Cafe Guide: Cafe Rosso, Tuhbangnae, Monday to Sunday
One of the coolest – and sometimes most overwhelming – things about Seoul is how many cafes there are. Even ignoring the major chains, it sometimes seems like there’s an independent café for every resident of the city, with each having its own style and flair. Each week we take a look at 3 independent cafés in different neighborhoods, to help you out next time you need a place to get some work done, take a date, or just grab a cup of coffee.
카페로쏘 – 삼청동
Samchungdong, the area next to the historic Bukchon hanok village [북촌한옥마을], is one of Seoul’s quieter, prettier areas. That being said, due to its location and its charm, it’s usually teeming with tourists and couples on dates. If you’re in the area and get sick of what can sometimes be a hectic main street, hit the little side alleyways, where lots of cafes, restaurants and boutiques quietly operate. One of the more down-to-earth cafes up here is Café Rosso, which is in an older building and has the rustic feel of a classic Korean dabang [다방]. They have a picture-book menu full of coffee and tea drinks. Even as someone who drinks almost exclusively black coffee, I’m partial to their shakeratto, and unlike most Korean cafes their teas and juices aren’t excessively sweet (don’t tell me you haven’t noticed it too). This probably isn’t the best spot to get work done, if only because of how charming and cozy the wood interior is. Instead, this is the spot to hit when you’re meeting up with friends or just need to duck in somewhere after a long day or walking up hills and dodging tourists.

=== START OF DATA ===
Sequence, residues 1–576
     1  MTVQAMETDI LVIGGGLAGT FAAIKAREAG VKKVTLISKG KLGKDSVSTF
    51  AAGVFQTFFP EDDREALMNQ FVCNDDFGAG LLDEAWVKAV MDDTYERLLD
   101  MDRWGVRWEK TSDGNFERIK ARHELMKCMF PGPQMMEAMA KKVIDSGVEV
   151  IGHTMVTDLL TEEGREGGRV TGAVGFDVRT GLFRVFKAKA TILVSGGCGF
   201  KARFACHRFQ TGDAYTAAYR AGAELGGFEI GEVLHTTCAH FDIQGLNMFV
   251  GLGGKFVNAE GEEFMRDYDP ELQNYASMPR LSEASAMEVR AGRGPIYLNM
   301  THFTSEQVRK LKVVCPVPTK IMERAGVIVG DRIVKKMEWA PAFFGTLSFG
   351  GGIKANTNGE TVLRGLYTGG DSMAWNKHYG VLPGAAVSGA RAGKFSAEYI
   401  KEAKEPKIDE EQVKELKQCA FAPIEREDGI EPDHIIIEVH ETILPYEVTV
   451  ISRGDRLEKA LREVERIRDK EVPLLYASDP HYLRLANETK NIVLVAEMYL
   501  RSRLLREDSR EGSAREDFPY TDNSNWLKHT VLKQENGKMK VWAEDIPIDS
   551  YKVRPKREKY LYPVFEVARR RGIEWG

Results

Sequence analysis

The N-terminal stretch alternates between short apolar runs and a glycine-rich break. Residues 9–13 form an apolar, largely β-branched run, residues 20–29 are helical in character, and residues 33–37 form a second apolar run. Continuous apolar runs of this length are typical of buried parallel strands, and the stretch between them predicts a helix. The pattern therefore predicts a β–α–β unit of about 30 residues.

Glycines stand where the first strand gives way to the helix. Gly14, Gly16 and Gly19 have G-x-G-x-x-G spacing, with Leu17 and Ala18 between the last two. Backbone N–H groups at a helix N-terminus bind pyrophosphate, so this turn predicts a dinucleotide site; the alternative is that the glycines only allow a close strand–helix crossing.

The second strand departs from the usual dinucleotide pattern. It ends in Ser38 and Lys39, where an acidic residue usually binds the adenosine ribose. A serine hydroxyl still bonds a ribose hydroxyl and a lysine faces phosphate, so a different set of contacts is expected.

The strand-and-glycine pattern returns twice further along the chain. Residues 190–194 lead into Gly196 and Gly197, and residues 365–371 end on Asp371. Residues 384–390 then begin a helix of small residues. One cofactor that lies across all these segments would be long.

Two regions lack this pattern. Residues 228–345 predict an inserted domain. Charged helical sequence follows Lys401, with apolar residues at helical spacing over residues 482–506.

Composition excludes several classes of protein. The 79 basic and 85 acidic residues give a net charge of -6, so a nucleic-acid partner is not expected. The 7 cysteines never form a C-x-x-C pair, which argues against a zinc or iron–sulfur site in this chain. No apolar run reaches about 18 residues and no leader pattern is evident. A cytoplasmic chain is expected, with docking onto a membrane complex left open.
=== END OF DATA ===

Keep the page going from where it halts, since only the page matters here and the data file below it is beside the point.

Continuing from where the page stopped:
터방내 – 흑석
Look, I don’t know what you’re doing around Heuksuk. Unless you go to Chungang University [충앙대], live here, work here, or need to pick a kid up from school here, there isn’t really a reason to be here. That is, unless you’re just interested in exploring the real areas of Seoul that haven’t been intentionally developed, aren’t set up for tourists, and basically just exist on their own (we’re major proponents of this). Regardless of why you’re here, if you’re like us you’ll need a coffee break at some point. Though not as much a place to grab a drink and dip, Tuhbangnae is vibe-y with a capital V. It’s been in Heuksuk since 1983, and clearly hasn’t changed since. The dark, moody downstairs spot is meant to emulate an old-fashioned music café, and it does this very well. All the seats are recessed booths, with a heavy lounge-y atmosphere and people’s names carved into seats, walls, tables, basically everything. They do a lot of old-school coffee preparations, like a siphon drip, as well as pretty creative variations like a “tropical coffee,” where espresso is topped with a rum-soaked lemon and lit on fire. Pretty cool. This spot is genuinely like stepping back in time and is a perfect spot to chill with friends, relax, or take a date if he/she is down with something different.
먼데이투선데이 – 압구정로데오 / 청담동
Monday to Sunday is one of the few cafes left in the Apgujeong Rodeo area after everyone upped and moved over to Garosugil. Nonetheless, their beverages and food options make it a place to hit if you need a cup of coffee or a western-style brunch in Apgujeong. The first story spot has a concrete patio in front with open seating, backed by massive windows that fold back to open the entire façade. The space is pretty large, with very design-conscious furniture arranged in quartets around oval coffee tables, as well as a few longer communal tables. During the day, the spot is airy and open; at night, it gets a little cozier. The coffee is all solid, and the brunch options – ranging from waffles, to pancakes, to omelets and more – are all pretty good, and definitely hit the spot if you’re looking for western-style breakfast food.
If you’ve been to any of the spots we listed this week, or think we fucked something up, let us know. For more Seoul cafes, check out last week’s list.
Photo credits: @3265sunny @caferosso40_1, @yoolim.ee, @hxgyoon_